I have a golden and I think she’s very smart. I also think she’s “too smart” sometimes…the antithesis to the german shepards from the OP. I think she can be a stubborn bitch, which is much “smarter” than obedient doggy.

She did great in obedience school, but I had an awful time getting her to come on command. She actually does know how to come on command, but during class she figured out that when she was let go it was much more fun and rewarding to be chased than to come for a stinky old treat.

She’s also in the habit of bringing people shoes when they come in the door because she knows she’s not supposed to have a shoe and someone will come pay attention to her in order to get the shoe back from her.

She’ll retrieve like a champ, but she also knows that if she is too tired to chase a ball, she can just stand there and the ball will magically “come” to her - via the stupid human who threw it and will go retrieve it for her.

She doesn’t bark to go outside. She stands and stares at the door for a few minutes. If no one passes by to open the door, she’ll growl softly until someone hears her. To come in, at my parents’ house where there’s a big sliding glass door, she stares at the door until someone sees her and the door opens.

If she wants to jump on the couch and there’s the tiniest bit of anything in her way, she’ll rest her head on the couch and stare until someone comes to move the item out of her way.

She’s a pretty girl and everyone fawns over her and she knows it. She reminds me of the stereotypical “I am too pretty to have to do anything for myself” person. She’s actually got us all trained - more like a cat than a dog.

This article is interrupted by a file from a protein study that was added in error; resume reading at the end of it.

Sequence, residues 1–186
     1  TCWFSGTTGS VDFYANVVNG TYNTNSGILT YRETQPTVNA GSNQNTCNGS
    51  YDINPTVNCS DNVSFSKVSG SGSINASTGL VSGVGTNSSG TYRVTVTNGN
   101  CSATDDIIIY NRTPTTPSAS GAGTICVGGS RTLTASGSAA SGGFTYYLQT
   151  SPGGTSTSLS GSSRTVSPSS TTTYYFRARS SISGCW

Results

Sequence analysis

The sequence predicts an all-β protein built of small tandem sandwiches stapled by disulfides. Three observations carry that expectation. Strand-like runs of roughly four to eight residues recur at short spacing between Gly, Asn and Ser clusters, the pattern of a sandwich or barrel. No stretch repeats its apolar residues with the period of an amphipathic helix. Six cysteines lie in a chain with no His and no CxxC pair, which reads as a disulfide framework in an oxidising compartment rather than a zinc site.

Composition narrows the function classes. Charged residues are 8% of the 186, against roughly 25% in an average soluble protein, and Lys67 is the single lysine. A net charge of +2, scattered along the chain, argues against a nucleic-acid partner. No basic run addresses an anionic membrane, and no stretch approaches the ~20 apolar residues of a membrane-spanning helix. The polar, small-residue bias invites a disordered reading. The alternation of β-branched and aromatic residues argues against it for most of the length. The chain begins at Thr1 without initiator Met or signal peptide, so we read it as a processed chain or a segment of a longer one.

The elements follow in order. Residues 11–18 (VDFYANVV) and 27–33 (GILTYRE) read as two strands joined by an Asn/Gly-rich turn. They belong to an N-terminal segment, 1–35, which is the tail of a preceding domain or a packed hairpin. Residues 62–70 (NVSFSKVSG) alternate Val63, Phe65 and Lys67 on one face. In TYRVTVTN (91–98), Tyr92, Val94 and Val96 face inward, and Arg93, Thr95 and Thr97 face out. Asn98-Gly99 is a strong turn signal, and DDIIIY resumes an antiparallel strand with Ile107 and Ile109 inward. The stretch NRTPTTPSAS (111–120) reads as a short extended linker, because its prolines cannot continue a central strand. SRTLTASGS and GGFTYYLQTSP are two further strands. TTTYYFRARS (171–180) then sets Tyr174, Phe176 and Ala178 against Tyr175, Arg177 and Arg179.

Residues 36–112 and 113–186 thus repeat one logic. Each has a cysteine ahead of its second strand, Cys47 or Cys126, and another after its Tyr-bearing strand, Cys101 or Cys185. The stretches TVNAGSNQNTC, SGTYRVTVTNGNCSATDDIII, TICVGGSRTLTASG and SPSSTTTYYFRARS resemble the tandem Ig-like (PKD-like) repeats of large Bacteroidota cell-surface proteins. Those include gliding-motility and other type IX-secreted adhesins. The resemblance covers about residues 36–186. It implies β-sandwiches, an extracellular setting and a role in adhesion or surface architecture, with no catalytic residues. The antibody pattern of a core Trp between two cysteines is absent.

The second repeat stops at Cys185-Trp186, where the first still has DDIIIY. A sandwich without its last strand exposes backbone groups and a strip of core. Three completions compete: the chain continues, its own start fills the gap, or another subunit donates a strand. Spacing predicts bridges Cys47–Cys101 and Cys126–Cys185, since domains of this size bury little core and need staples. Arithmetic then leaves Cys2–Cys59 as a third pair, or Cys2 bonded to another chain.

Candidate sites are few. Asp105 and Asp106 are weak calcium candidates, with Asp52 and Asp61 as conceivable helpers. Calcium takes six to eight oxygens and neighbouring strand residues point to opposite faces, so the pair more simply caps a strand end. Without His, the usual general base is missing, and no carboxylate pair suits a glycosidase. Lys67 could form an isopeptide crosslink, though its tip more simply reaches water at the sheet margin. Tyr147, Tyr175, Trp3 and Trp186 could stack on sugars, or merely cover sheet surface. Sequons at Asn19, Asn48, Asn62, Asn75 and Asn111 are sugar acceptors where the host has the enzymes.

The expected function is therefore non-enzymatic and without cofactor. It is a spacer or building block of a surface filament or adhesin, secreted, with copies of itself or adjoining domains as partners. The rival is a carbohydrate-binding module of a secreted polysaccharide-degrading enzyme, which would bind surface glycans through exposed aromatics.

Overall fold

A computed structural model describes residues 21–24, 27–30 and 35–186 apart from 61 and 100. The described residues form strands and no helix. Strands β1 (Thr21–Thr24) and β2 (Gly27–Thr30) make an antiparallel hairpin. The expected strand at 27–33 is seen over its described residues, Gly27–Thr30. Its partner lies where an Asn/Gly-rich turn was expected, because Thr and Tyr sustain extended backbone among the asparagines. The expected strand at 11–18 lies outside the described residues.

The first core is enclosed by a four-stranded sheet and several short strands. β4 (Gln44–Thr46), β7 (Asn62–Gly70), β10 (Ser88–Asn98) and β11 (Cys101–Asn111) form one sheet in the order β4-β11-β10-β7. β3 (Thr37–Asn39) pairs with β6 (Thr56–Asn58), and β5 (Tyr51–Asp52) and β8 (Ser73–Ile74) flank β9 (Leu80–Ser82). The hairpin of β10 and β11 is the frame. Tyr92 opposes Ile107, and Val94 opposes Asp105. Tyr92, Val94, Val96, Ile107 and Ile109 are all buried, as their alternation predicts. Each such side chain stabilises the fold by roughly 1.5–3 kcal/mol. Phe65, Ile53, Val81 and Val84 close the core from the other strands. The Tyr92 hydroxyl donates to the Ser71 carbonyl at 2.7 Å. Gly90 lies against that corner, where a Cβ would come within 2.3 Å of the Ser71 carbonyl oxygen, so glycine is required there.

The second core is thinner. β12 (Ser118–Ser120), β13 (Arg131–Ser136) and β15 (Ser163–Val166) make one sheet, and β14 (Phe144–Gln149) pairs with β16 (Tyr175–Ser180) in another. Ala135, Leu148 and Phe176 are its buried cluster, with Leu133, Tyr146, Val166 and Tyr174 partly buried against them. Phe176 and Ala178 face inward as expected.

She’s definitely smarter than us.

We have a Labby Mix and she is pretty bright, but nothing exceptional. She was the top dog in both her classes. She understands simple commands and is getting the concept of looking where I point.

I taught her to wipe her feet along with all the basics.
We had a Border Collie and he was brilliant. He taught himself more than we taught him. He was a problem solver and had unlimited energy. He could also be stubborn.

On his own, he kept my very young daughter from falling in the pool by gently bumping her away until I grabbed her.

I have seen many working Border Collies that blew him away for smarts and learning. A top Border Collie doesn’t just understand Ball or Stick, but will understand green ball versus red ball.

They are rated at the top of every list of Dog’s intelligence and to me appear to be way ahead. I heard a quote that Border Collies are the only breed that has been bred for Intelligence.


If you want to see how smart your dog is, try this: Lay a towel on the floor. Grab a piece of dry food, show it to them, and then put it under the towel. The more quickly your dog removes the towel, the smarter they are.

We tried this with a couple of my mom’s dogs a few years ago. The one we thought was smart got it pretty quickly, and the other didn’t.

Boomer is also dumb as a box of rocks. He needs doors opened for him. I don’t mean he needs someone to turn a knob – the door can be ajar but if it’s not fully open, he’ll just stand there waiting for someone (like the cat) to push it all the way open so he can go inside.

But he’s lovable, even tempered, easy going, undemanding, patient, and he does respond to the basic dog commands.

I have had a lot of dogs in my life. Most were just doggy smart ,nothing special. I have 2 beagles now. Nordberg is as dumb as a dog can get. She is the sweetest and loving animal I ever rescued.
Quincy is different. He plots and plans . He was licking out a dog food can as it rolled on the slanted basement floor. He picked the can up and jammed it into the dry food bowl. Then he could lick it clean.
Then one night he made the rumbling growl that said I gotta go out and pee. My wife got up and walked him to the door. He ran past her jumped up into bed and put his head on her pillow to sleep. When she came back he growled. So he had an idea. Came up with a plan and carried it out. There are many Quincy examples like that.